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- Open Access
Dynamic feature selectivity in the thalamus of the rat whisker system
BMC Neurosciencevolume 14, Article number: P372 (2013)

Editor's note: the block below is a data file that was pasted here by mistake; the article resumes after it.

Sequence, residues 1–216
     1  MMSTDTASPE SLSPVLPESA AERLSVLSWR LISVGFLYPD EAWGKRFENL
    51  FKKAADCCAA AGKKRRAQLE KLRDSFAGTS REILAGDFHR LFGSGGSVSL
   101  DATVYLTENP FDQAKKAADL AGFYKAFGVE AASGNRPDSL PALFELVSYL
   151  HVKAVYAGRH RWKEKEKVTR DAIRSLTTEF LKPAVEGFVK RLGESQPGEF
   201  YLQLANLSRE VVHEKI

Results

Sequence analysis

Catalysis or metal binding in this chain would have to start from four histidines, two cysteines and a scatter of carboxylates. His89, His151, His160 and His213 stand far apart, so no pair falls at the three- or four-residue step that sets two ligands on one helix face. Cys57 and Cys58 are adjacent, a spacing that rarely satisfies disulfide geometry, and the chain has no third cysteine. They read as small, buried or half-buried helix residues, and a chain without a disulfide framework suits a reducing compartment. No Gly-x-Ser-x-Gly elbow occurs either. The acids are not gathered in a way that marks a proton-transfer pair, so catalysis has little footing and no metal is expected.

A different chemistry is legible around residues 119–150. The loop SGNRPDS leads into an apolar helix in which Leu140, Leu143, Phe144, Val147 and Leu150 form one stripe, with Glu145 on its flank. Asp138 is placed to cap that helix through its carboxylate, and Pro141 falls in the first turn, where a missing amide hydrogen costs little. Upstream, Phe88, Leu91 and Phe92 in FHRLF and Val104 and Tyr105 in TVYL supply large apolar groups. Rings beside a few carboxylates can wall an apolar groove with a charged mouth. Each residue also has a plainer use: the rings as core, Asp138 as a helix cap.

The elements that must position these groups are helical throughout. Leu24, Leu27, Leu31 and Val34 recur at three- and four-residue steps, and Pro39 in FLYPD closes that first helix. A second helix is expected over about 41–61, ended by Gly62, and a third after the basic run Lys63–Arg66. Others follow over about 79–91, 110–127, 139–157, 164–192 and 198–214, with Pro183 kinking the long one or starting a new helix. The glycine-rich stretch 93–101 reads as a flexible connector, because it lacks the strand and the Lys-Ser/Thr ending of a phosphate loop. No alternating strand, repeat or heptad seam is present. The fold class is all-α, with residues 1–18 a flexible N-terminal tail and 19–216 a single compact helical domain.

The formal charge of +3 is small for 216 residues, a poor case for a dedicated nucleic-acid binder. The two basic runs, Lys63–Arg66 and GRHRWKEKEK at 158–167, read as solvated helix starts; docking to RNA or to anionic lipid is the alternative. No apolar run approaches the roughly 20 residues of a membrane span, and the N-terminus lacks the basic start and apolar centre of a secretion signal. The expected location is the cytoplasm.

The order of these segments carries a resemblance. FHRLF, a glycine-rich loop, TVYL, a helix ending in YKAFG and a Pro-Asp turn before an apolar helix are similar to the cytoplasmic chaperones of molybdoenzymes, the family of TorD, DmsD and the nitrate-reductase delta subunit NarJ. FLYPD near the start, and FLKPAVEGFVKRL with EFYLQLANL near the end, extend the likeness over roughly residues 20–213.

As information progresses along the sensory pathway, it is transformed from physical attributes of a stimulus at the periphery to complex representations at the level of cortex that ultimately give rise to perception. Neurons at each stage in the sensory pathway are commonly characterized by simple linear models that describe the physical attribute of the stimulus that maximally excites the cell. However, neurons, even early stages of processing, can have strongly nonlinear characteristics that give sensory systems the remarkable capability to extract relevant information (features) from noisy environments (context conditions). In this work, we explored the bottom-up effect of stimulus context on the encoding of features in the whisker thalamocortical circuit of the anesthetized rat. The feature selectivity of thalamic neurons was quantified using spike triggered analysis techniques under three different stimulus context conditions (low, medium, and high amplitude Gaussian distributed white noise mechanical stimulation). After characterizing each cell, the response to three features (position, velocity, and acceleration) embedded in each context condition were recorded, and ROC analysis was utilized to quantify the detectability of the stimulus in the presence of increasing levels of background noise. Neural responses to features embedded in each context condition were then analyzed as a function of the similarity between the embedded feature and the estimated feature selectivity of the cell to assess the discriminability of the feature from the background. Preliminary findings suggest that while the estimated feature selectivity is generally predictive of the thalamic response to presentation of isolated features, the linear models alone are not predictive of the thalamic response to features in different noise contexts. We hypothesize that this is due to a recruitment of nonlinear circuit properties by the higher amplitude noise stimuli. This hypothesis is supported by the reduction of spike timing reliability in the thalamic neurons as the noise amplitude increases, a finding that mirrors results in the visual thalamus and has been attributed to nonlinear circuit mechanisms . Future work is aimed at elucidating the effect of stimulus context on feature encoding in varying signal-to-noise ratio conditions in the thalamocortical circuit and ultimately the effect on perception.
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